DIY – Cartridge Case Matchbox
Ever since I first saw the cartridge case matchbox in Ray Mears Survival Handbook I’ve rather liked the idea. Being a shooter empty 12 bore cartridge cases are very easy to come by, being a by-product of my sport. Over the years I have made many of these matchboxes, keeping one in all my coats and bags. Many have been passed on as gifts and as far as I know are mostly doing sterling service. Here is how I make them.
The raw material – empty shotgun cartridges come in many varieties and colours, with different depths of case head – the metal part that carries the priming cap.
Remove the metal cap from the spent cartridge (WARNING – only use cartridge cases that you know have been fired!) by heating it up, I find a candle or tea-light works best, for about a minute, then simply pulling apart using a couple of pairs of pliers. This is easier with some brands of cartridge than others, some just don’t seem to want to come apart, Discard the plastic tubes properly and keep the caps. Do a few more than you think you’ll actually need. Note the metal will be hot for a while, and covered in soot. I’ve tried a hot air paint stripper but it didn’t seem to work as well as the candle. Wipe the soot from the metal caps when cool.
The Separated Parts
Check the length of matches you will actually be using – they’re not all the same – and trim some complete cartridge cases down to a length that will comfortably hold them. I find the best way is to put the case over a short piece of twig, held firmly, then rotate the cartridge case while holding a sharp knife against it. I don’t have a photo of this as I only have the two hands!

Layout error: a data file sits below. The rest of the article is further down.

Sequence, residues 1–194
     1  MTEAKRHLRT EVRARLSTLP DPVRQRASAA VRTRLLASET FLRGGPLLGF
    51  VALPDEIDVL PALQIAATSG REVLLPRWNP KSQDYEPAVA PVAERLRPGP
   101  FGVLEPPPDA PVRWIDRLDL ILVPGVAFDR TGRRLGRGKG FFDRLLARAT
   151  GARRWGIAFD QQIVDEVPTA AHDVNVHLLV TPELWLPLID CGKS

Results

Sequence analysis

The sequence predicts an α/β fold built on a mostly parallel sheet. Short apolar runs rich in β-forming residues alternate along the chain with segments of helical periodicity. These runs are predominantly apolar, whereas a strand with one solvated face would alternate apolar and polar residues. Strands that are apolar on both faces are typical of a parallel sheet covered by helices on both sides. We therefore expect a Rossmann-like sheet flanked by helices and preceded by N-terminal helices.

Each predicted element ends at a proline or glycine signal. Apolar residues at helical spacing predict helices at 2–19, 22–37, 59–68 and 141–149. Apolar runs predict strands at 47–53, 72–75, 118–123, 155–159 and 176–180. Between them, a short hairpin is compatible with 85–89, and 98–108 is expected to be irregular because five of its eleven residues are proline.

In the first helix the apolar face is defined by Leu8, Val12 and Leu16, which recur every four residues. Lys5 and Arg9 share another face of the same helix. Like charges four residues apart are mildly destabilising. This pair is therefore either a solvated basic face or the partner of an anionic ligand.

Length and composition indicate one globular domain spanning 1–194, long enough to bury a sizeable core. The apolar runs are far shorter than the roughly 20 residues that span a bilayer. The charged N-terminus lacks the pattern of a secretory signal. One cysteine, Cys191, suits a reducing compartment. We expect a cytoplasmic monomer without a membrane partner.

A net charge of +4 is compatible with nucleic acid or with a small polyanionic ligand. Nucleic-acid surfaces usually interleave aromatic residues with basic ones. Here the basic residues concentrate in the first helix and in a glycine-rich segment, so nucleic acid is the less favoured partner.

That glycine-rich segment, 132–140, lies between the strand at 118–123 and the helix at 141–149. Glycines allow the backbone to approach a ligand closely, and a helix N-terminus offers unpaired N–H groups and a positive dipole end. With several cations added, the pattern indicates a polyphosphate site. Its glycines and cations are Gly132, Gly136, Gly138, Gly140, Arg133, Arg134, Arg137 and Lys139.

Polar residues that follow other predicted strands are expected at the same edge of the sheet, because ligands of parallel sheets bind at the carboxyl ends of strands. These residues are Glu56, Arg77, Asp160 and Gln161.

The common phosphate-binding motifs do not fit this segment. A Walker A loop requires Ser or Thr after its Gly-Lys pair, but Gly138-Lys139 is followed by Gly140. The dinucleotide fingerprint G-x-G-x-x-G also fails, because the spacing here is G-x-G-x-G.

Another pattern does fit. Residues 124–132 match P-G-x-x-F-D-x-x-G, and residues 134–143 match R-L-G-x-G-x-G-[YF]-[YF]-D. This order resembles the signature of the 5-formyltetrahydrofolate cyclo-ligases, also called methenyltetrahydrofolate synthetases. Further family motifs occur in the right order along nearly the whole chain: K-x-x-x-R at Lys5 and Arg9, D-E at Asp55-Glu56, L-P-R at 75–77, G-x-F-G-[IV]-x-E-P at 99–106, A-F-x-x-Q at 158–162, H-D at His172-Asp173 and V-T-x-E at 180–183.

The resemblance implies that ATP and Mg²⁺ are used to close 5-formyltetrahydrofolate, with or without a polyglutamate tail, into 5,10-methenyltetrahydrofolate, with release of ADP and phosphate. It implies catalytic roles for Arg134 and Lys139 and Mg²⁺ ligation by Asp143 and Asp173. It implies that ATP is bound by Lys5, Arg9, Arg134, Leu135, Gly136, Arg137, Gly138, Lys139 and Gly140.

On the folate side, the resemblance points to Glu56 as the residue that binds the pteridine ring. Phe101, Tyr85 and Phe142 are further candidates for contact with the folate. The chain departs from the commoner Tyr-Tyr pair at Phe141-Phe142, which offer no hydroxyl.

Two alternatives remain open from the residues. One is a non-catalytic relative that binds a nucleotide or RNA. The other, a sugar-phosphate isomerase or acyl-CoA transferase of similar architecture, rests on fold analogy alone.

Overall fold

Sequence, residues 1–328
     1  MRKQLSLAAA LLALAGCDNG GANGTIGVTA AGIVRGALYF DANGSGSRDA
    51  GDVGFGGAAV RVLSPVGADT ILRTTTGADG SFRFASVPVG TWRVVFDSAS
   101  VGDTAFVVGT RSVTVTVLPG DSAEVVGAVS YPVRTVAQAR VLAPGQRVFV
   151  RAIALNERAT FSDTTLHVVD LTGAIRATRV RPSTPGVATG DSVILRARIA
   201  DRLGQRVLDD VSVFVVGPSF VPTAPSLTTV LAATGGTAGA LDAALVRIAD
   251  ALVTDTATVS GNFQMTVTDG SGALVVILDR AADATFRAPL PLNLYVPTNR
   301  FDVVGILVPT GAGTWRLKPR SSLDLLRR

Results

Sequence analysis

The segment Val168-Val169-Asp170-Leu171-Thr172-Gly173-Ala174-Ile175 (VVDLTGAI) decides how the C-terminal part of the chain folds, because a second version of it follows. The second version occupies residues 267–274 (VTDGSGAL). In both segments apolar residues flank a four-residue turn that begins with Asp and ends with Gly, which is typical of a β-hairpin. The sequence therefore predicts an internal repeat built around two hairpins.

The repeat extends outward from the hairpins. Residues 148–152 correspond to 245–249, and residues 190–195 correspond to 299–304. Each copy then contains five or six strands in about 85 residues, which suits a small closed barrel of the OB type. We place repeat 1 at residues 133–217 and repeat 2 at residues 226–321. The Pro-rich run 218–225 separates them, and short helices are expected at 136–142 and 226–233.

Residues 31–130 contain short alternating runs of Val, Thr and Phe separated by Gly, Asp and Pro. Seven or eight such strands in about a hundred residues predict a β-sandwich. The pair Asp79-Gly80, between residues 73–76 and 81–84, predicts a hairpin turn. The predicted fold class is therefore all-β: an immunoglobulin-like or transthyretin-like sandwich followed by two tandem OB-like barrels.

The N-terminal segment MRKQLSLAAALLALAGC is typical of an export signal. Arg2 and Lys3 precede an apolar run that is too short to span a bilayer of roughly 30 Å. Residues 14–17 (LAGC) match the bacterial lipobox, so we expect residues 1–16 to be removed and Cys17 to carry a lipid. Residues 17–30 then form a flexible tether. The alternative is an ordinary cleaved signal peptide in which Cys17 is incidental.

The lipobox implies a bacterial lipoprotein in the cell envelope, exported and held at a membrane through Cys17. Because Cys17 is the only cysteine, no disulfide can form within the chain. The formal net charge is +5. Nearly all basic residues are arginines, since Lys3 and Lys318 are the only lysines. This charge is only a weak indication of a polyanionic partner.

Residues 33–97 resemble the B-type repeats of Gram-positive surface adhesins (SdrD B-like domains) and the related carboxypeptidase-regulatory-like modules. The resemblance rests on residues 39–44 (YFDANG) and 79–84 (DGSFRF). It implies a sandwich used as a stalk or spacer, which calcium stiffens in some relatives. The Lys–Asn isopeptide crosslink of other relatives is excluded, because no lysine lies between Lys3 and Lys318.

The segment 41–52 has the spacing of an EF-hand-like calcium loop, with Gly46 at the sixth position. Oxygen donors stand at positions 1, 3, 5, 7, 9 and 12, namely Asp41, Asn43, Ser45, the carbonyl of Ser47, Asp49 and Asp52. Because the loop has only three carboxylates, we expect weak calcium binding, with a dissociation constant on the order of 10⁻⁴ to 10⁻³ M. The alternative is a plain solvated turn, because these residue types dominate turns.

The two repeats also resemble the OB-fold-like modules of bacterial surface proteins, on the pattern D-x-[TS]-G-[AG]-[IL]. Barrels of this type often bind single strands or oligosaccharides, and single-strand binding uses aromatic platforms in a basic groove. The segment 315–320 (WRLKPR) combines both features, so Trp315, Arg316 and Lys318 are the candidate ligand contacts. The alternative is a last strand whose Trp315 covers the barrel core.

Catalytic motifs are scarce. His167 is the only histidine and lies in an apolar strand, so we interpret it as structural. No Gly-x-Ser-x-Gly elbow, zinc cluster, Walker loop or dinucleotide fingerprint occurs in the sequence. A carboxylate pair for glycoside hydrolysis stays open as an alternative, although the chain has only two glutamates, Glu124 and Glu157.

All matches are NOT the same.
At this point some people cut groves in the end of the trimmed cartridge cases with a hacksaw to form a striking surface, and I have done this successfully in the past, but the metal of the end cap is quite thin and its very easy to actually cut right through it, so I like to use a different method. Use one of the metal caps to cut discs of wet & dry abrasive paper by putting the wet & dry paper on a piece of wood and taping the cap with a mallet, like cutting out pastry. Simply glue these to the ends of the trimmed cases with a waterproof adhesive. Once the glue is dry fill the case with matches and slide one of the metal caps onto it
Discs ready for glueing.
The finished Matchbox
A trick my stepson Michael came up with is to push a match into the hole in the primer of the removable cap. That way you don’t need to fumble if your hands are cold.
If found these matchboxes to be pretty reliable, some of mine are coming up on 5 years old now. They are not truly waterproof, but are splash resistant, and much better than the regular cardboard matchboxes. You will find a lot of variation in the depth of the metal cap over different brands of cartridge. I tend to favour those that are a bit deeper for the loose cap.
I probably wouldn’t recommend them for foreign travel, as the smell of powder residue in them might attract the attention of sniffer dogs. As said earlier, please make sure that you only attempt to use fired ammunition, as heating a live primer in this way would ruin your whole day.
Thanks to MartiniDave
Previously published 20 November 2006
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